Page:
To prevent further decrease in core body temperature, patients should be removed from the cold environment as soon as possible.
Evaporative heat loss occurs when a wet surface comes into contact with the air. The presence of wet clothing increases this type of heat loss by five times the normal rate. For this reason, wet clothing should be promptly removed.
Passive rewarming techniques are used for patients with mild hypothermia. These interventions include dressing the patient in warm clothing, while allowing the patient to spontaneously rewarm.
Heated blankets are used during active rewarming of hypothermic patients. Areas of the body that are in direct contact with the heated blanket should be frequently assessed for burns.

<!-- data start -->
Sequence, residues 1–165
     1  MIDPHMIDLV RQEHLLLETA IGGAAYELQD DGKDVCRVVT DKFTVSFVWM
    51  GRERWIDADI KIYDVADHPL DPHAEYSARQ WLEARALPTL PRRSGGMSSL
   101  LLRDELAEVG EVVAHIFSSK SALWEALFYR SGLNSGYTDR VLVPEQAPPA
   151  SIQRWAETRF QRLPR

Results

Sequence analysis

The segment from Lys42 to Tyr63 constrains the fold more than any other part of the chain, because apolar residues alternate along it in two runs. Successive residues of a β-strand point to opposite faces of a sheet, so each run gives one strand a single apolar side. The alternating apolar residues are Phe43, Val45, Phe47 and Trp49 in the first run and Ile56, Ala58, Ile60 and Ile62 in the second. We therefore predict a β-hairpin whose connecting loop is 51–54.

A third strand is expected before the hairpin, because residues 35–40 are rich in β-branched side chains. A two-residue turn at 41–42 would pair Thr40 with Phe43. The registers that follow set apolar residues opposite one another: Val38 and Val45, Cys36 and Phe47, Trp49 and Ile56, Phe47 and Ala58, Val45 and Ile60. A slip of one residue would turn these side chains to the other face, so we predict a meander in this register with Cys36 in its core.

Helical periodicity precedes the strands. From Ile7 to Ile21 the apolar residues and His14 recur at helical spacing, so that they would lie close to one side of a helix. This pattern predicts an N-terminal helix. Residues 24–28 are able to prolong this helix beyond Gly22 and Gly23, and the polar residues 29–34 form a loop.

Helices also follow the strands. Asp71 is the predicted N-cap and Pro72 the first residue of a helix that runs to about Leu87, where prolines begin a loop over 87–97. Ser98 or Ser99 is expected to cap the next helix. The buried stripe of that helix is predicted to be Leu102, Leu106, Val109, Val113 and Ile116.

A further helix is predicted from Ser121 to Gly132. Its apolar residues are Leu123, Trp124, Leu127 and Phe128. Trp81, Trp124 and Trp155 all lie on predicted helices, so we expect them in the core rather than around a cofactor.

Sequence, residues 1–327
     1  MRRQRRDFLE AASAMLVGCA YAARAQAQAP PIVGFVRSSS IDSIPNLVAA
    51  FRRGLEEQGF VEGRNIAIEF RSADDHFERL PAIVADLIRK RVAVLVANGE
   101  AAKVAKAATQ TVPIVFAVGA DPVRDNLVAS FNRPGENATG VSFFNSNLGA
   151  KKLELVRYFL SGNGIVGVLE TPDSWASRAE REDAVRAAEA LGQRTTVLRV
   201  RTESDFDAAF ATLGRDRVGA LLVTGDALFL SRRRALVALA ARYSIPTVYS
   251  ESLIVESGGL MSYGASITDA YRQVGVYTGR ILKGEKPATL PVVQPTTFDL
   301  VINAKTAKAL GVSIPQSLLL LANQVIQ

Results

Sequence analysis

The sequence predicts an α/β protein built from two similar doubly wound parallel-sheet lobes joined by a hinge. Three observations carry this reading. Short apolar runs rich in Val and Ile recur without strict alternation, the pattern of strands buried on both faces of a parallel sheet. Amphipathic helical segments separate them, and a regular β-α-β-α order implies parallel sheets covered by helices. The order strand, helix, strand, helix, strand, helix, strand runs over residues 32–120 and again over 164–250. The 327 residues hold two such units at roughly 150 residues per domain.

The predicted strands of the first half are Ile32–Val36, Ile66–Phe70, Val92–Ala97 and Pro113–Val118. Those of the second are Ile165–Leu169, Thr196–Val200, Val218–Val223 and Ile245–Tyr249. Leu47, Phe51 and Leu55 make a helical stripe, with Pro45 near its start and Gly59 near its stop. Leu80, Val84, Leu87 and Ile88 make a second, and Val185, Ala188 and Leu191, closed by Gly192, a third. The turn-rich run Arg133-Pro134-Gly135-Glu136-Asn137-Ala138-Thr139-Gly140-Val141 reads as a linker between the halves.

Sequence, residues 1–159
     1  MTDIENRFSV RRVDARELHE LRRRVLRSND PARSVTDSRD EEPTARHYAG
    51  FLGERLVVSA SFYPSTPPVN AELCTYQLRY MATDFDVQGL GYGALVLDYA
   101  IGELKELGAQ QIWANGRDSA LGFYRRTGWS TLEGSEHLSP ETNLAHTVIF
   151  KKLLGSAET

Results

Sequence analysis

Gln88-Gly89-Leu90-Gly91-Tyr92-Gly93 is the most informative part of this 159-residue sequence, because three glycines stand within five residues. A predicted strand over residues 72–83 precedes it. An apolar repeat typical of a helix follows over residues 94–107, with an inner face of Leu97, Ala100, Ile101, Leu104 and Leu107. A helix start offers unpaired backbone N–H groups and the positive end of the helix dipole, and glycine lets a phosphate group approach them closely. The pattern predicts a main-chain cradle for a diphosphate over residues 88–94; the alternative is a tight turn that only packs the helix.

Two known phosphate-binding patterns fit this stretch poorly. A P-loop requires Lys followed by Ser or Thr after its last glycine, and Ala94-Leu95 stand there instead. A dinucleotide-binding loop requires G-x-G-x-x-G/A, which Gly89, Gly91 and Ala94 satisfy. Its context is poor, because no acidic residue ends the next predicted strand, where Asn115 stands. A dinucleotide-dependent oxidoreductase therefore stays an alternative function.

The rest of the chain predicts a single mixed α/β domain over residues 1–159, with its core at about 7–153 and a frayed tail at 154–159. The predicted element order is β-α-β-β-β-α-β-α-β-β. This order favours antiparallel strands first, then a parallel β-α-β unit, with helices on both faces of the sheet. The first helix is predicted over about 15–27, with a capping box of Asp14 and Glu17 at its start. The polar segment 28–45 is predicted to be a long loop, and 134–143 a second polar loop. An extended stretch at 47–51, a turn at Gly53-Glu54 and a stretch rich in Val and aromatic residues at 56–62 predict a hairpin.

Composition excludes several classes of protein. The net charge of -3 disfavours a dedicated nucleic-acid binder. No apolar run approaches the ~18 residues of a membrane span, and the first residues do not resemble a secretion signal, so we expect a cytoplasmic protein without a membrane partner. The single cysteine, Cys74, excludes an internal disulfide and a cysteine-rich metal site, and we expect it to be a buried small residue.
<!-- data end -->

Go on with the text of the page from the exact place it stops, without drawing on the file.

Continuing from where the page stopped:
IV solutions can be warmed up to 98.6ºF (37ºC) when treating patients with moderate to severe hypothermia.
Supplemental oxygen can be heated and humidified during active internal or core rewarming. For treatment of moderate to severe hypothermia, oxygen may be heated up to 111.2°F (44°C).
Gastric lavage with warm fluids is another intervention that can be used to treat moderate to severe hypothermia. A nasogastric tube is used to give warm fluids to the patient, warming their internal organs.
It is important to remember that the patient’s trunk should be warmed first before the extremities. This pattern of rewarming reduces the risk of afterdrop or a further decrease in body temperature due to rewarming efforts. Afterdrop occurs when cold peripheral blood returns to the central (core) circulation that can lead to rewarming shock characterized by hypotension and arrhythmias.
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